For anyone who follows along on instagram you can see we moved…again. Still in the Adirondacks, but into a new home. In 2015, we moved to the Adirondacks with anticipated housing. However, things have not gone as planned and here we are in our fourth house in less than three years. And even this placement is not exactly permanent. I am not going to lie – this is a major stress in our life, but when I am feeling my best self –  I breathe and accept this journey for what it is. Each move so far has provided a ton of stress, but also so many moments of fun and joy. I do not want to sugar coat this and act like we (I) do not have have moments of meltdown, moments where I am so overwhelmed with our lack of “structure” I cannot breath. Moments where I go down a deep rabbit hole wondering how all this moving will affect our kids in the future. Then there are moments (usually during the brief part of the day where everyone is happy and no one is whining/screaming/hurt/hungry/bored, etc) where I am so grateful for this season of our life.



Prior to moving to the Adirondacks, I whole heartedly was a city person. I lived in NYC as a young, single teacher before moving to an awesome part of Nashville on a whim. I love walking places, new restaurants, an abundance of events and classes and people. I love the diversity of people and the hustle of life. Living a rural mountain life was never on my radar. I will be honest, it wasn’t even on my vacation list. However, I have to admit that pre-kids Dominique and I were playing a fun game in our old loft talking about 3/5/10 year goals. I can actually picture where we were sitting and the excitement of thinking about the “future”.  I told Dominique I would move to one “insane” place for a few years in order for him to pursue his goals. One. I suppose he has cashed in on that.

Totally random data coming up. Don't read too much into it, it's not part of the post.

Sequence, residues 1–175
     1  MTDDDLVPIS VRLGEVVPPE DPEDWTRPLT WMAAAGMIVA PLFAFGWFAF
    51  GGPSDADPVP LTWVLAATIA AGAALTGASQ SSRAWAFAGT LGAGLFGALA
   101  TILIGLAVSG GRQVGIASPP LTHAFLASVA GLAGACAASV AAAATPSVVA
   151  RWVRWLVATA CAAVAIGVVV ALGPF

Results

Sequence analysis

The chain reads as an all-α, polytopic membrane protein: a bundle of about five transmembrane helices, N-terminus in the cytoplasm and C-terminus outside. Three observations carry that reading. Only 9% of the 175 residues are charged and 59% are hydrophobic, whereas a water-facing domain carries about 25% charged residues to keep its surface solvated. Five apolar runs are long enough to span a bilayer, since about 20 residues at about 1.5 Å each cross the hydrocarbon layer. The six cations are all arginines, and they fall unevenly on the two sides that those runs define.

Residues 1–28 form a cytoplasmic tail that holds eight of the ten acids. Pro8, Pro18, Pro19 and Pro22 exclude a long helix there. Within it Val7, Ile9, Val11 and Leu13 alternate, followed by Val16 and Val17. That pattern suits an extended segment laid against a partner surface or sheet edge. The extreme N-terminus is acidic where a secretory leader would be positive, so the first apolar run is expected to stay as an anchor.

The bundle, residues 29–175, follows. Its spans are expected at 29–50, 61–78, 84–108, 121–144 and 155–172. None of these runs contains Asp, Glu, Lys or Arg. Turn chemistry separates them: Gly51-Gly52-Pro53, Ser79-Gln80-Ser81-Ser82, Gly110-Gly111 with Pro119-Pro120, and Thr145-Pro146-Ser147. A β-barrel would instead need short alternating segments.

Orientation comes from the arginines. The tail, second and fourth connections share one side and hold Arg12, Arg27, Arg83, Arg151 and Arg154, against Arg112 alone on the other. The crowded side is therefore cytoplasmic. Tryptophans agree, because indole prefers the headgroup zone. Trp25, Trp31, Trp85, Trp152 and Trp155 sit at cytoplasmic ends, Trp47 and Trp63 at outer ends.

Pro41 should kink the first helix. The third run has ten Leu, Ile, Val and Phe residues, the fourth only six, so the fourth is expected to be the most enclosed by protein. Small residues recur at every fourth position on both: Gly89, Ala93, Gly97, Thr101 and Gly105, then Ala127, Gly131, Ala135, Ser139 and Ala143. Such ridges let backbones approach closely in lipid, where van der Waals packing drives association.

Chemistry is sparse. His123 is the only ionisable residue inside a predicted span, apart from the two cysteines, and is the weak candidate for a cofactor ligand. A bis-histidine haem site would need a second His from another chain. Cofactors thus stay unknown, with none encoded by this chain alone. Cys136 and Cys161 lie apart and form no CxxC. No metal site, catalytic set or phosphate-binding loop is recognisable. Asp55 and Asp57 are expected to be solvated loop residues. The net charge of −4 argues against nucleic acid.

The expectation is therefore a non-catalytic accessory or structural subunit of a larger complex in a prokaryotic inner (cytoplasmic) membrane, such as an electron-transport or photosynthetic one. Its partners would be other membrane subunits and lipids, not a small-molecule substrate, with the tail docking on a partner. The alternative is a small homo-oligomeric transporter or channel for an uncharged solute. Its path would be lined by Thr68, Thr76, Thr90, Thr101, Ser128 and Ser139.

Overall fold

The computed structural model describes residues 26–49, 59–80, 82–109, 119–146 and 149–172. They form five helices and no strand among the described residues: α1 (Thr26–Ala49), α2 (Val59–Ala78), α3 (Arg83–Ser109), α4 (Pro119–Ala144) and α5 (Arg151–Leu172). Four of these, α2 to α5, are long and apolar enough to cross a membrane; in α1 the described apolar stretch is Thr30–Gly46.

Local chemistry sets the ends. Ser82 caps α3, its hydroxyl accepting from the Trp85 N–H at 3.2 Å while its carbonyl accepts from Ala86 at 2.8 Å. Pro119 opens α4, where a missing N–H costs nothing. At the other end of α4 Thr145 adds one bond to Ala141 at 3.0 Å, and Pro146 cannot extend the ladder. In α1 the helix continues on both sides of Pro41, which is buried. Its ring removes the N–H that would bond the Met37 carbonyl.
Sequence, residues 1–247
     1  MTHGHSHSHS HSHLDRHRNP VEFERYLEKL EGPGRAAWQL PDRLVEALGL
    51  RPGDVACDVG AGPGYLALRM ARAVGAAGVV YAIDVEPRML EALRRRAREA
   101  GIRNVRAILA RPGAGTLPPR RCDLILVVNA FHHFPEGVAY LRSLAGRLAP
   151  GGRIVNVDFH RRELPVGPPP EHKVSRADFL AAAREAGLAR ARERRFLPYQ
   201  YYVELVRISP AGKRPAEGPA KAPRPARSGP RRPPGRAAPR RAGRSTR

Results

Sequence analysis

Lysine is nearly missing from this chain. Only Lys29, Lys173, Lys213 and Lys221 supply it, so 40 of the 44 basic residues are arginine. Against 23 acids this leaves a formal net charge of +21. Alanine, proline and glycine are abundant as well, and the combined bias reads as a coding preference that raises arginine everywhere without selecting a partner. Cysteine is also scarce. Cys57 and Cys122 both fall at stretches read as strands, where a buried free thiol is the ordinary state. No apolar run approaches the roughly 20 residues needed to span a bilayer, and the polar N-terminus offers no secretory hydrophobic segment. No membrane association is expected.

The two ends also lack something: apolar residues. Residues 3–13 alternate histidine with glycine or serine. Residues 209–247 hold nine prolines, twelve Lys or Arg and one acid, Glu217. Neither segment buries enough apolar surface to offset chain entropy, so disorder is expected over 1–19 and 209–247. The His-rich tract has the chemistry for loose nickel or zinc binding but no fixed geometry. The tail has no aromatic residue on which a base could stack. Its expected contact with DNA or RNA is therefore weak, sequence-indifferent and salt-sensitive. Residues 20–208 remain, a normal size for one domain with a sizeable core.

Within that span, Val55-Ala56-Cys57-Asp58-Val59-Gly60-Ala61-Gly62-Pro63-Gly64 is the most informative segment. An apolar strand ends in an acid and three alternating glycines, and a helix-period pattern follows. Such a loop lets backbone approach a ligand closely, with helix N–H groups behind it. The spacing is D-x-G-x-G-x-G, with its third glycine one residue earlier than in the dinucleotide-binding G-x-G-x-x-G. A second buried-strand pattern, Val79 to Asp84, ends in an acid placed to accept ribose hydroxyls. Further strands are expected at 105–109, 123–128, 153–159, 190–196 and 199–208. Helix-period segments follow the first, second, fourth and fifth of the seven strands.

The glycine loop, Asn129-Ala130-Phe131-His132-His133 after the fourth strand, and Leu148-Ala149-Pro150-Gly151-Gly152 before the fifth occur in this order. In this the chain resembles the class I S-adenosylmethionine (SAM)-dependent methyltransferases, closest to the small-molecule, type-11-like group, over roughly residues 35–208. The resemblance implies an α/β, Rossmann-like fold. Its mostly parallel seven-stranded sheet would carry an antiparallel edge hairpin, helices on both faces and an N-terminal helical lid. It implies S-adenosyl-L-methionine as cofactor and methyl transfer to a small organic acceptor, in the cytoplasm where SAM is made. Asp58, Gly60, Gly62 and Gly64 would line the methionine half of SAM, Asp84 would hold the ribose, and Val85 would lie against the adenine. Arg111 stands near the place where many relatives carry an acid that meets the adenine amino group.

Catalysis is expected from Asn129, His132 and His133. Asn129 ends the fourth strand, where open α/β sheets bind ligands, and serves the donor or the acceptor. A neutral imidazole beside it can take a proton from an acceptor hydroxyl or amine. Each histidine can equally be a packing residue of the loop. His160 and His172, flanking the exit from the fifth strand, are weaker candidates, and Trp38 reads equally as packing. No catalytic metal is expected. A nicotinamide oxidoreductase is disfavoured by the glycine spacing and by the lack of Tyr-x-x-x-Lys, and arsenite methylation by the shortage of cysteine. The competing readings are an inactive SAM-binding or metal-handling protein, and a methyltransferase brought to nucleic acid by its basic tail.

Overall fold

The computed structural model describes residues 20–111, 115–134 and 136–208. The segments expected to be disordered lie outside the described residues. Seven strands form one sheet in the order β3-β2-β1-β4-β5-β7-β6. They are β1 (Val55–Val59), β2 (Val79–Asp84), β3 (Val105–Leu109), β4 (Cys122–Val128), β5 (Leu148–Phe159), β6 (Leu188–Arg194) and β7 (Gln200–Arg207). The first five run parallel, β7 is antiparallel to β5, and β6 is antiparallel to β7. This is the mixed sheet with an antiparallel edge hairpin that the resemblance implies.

With all that said, I have taken and continue to learn so much from this adventure. My kids – while they think of houses as brief stopping points and talk about packing as if it is a normal occurrence – love their life. They are constantly outdoors riding bikes, making messes and being kids. It does not matter the temperature, if it is raining/snowing/sunny/hot/cold they will be outside. My kids (and me) love that every event we do go to – we are certain to run into people we know. People we love. Things that were “extra” before are now our normal – from going for a hike, to swimming in the lake, and taking out the canoes to snowshoeing or riding bikes on the trails.

All of this and more are things that make so much of this chaos – worth it. I do not know where we will land in the future (near or far), but for now we are back on campus, in a home (peace out dorm life) and making the most of this journey. Even if at times the journey is infused with stressed out meltdowns and anxiety about whats next.